Medullary thymic epithelial cells (mTECs) ectopically express thousands of peripheral-tissue antigens (PTAs), which drive deletion or phenotypic diversion of self-reactive immature T cells during thymic differentiation. Failure of PTA expression causes multiorgan autoimmunity. By assaying chromatin accessibility in individual mTECs, we uncovered signatures of lineage-defining transcription factors (TFs) for skin, lung, liver, and intestinal cells—including Grhl, FoxA, FoxJ1, Hnf4, Sox8, and SpiB—in distinct mTEC subtypes. Transcriptomic and histologic analyses showed that these subtypes, which we collectively term mimetic cells, expressed PTAs in a biologically logical fashion, mirroring extra-thymic cell types while maintaining mTEC identity. Lineage-defining TFs bound to mimetic-cell open chromatin regions and were required for mimetic cell accumulation, whereas the tolerogenic factor Aire was partially and variably required. Expression of a model antigen in mimetic cells sufficed to induce cognate T cell tolerance. Thus, mTECs co-opt lineage-defining TFs to drive mimetic cell accumulation, PTA expression, and self-tolerance.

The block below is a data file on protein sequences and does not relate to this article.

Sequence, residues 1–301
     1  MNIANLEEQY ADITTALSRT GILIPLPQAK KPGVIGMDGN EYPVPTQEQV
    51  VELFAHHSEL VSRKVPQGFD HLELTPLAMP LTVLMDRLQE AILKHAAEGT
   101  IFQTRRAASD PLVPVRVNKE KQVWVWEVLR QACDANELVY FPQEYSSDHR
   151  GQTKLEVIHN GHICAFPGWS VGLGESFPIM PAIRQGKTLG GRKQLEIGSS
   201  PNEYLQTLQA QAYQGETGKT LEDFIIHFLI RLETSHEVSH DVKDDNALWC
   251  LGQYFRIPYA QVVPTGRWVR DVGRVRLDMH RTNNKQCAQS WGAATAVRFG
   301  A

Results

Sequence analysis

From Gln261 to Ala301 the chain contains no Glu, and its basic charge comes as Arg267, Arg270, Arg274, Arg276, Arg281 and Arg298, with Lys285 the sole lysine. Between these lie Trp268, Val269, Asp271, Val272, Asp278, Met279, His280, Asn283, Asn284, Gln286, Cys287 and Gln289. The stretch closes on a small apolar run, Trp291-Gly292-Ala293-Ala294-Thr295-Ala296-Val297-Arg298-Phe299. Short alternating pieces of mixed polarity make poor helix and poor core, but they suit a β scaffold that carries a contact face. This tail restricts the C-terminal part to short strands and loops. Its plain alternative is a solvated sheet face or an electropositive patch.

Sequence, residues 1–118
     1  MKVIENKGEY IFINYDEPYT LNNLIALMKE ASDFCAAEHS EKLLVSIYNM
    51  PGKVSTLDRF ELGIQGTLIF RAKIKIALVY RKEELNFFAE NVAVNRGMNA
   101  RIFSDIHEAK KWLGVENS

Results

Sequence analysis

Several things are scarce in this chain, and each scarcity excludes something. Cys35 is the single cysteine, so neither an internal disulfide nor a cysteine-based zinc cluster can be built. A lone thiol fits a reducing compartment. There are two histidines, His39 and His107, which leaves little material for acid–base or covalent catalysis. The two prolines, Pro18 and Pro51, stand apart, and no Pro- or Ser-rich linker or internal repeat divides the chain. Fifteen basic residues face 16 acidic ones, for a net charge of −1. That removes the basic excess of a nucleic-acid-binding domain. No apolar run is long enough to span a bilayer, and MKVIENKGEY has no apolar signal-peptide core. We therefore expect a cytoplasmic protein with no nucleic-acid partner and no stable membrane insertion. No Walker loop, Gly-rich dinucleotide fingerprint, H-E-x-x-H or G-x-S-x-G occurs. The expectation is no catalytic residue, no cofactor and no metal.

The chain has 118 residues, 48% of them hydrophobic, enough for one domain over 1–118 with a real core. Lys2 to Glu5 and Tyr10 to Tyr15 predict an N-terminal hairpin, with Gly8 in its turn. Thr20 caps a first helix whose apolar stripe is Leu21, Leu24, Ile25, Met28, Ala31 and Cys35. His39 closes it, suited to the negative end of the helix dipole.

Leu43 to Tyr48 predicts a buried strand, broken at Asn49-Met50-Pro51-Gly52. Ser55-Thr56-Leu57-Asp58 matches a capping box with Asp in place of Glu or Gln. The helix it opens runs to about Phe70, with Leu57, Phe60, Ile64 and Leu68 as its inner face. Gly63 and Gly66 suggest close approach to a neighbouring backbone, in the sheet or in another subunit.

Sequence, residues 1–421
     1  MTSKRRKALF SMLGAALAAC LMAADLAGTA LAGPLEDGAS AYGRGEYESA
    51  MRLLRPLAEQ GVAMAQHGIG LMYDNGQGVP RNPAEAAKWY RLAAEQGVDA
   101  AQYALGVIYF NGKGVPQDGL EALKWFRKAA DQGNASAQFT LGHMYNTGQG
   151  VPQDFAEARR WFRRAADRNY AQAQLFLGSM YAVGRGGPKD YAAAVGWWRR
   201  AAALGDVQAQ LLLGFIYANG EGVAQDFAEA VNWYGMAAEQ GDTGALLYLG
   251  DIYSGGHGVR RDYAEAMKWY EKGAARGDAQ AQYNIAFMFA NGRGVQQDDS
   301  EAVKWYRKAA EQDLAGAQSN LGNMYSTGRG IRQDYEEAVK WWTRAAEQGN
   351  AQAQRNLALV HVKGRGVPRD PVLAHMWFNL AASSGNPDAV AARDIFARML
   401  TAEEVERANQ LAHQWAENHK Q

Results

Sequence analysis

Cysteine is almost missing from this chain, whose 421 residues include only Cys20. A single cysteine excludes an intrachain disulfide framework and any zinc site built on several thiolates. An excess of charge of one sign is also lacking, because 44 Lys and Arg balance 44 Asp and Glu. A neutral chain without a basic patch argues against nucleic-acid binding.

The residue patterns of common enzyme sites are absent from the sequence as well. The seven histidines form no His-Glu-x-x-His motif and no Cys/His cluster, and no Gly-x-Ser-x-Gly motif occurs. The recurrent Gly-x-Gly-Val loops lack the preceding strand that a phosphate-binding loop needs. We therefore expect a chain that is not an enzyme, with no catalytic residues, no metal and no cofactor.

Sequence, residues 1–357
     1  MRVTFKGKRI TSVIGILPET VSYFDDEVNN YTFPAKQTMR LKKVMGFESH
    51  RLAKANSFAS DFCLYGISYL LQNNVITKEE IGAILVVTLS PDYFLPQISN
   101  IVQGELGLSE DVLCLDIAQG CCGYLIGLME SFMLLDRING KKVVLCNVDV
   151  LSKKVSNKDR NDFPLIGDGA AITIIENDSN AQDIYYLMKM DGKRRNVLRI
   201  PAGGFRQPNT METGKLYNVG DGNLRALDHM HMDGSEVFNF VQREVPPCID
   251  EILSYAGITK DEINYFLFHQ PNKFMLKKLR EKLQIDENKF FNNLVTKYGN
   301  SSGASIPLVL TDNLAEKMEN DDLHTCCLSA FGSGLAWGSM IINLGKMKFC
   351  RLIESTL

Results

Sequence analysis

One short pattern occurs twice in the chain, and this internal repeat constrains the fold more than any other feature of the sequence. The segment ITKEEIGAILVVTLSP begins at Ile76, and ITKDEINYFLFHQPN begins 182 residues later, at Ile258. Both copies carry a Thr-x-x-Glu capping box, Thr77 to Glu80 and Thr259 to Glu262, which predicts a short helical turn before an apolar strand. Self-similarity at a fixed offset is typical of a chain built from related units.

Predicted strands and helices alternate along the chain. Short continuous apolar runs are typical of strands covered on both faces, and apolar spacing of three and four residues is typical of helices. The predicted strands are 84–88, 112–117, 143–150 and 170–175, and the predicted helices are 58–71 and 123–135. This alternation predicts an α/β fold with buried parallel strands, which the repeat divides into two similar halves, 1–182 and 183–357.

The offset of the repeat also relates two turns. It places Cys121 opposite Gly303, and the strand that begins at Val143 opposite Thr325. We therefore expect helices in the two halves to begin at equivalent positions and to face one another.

ASJC Scopus subject areas